Overview of Quality Reporting in Surgery Centers: Q&A With Donna Slosburg of the ASC Quality Collaboration

In early July, CMS released the 2012 hospital outpatient/ambulatory surgery proposed rule (CMS 1525P). This includes the agency's proposal for establishment of a requirement for ASC quality reporting. Donna Slosburg, BSN, LHRM, CASC, executive director of the ASC Quality Collaboration, discusses the proposal, the quality measures included in it and what ASCs need to do with this information.


Q: What should surgery centers do with the proposed rule, particularly the components affecting ASC quality?


Donna Slosburg: They should begin by reviewing the proposed rule (which can be viewed by clicking here (pdf)), specifically Section K — "Proposed ASC Quality Reporting Program" (located on p. 42336). ASCs should familiarize themselves with what has been proposed.


It's worth noting that all six of the ASC Quality Collaboration's National Quality Forum-endorsed measures are proposed for inclusion in the measure set for ASC reporting. They are as follows:

  • Patient burn
  • Prophylactic IV antibiotic timing
  • Patient fall in the ASC
  • Wrong site, side, patient, procedure or implant
  • Hospital transfer/admission
  • Appropriate surgical site hair removal


The measures developed by the ASCQC include both outcome measures and process measures. An outcome measure assesses patients for a specific result of healthcare intervention. A process measure evaluates a particular aspect of the care that is delivered to the patient.


Q: Which are outcome measures and which are process measures?


DS: Four are outcome measures. These measures are patient falls, patient burns, hospital transfer/admission and wrong site/wrong side/wrong patient/wrong procedure/wrong implant. The fifth and sixth measures are infection control process measures which evaluate the timing of the administration of intravenous antibiotics for prophylaxis of surgical site infection and appropriate surgical site hair removal.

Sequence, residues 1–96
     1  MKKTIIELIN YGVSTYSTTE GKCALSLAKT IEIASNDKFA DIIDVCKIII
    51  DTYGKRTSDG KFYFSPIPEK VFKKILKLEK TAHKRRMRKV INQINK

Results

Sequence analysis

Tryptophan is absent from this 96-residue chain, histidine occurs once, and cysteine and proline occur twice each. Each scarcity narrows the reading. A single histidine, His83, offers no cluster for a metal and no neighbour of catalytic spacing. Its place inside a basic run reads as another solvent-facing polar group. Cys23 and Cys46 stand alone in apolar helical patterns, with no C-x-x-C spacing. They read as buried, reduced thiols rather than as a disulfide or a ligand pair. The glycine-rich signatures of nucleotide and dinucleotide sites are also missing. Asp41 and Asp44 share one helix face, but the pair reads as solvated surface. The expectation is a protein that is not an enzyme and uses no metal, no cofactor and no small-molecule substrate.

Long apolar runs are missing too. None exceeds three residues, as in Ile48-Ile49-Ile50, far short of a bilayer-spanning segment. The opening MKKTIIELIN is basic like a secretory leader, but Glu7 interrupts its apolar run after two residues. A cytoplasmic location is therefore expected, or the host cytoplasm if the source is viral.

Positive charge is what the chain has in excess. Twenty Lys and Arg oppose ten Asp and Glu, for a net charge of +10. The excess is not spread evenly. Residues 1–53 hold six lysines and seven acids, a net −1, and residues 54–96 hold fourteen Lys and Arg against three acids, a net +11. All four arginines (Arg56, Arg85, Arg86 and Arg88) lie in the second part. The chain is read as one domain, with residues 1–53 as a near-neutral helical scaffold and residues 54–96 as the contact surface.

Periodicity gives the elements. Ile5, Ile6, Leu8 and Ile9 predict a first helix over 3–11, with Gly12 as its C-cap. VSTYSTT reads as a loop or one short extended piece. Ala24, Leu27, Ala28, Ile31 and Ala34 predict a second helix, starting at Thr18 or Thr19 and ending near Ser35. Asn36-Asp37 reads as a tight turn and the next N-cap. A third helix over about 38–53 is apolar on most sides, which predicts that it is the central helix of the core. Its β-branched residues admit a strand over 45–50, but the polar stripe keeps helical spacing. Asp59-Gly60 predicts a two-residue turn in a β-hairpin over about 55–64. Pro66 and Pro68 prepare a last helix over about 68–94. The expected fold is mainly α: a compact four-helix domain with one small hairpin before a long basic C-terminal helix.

Q: Should surgery centers wait until CMS implements the final rule to start using these measures?

DS: You may choose to wait until CMS finalizes its policies regarding the ASC quality reporting system. However, by implementing these measures now, ASCs have the opportunity to gain valuable experience and possibly improve their performance before the measures are collected and publicly reported.


Q: Can you discuss some of the key things ASCs should know about each of the ASCQC's quality measures, starting with patient burn?


DS: The patient burn measure addresses ASC admissions experiencing a burn prior to discharge. There are numerous case reports in the literature regarding patient burns in the surgical and procedural setting. The literature on burns suggests that electrosurgical burns are most common.


It is critical for ASCs to recognize the diversity of mechanisms by which a patient could sustain an unintentional burn in the ASC setting. The definition of "burn" is broad, encompassing all six recognized means by which a burn can occur — scalds, contact, fire, chemical, electrical or radiation.


The best way to prevent burns from inadvertent cautery (ESU) activation is to always place unused electrosurgical electrodes in well-insulated safety holsters and not on the patient or drapes. Be hyper aware of facial cases when oxygen and the cautery are being used.


A reasonable goal would be no patient burns.


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Q: Prophylactic IV antibiotic timing?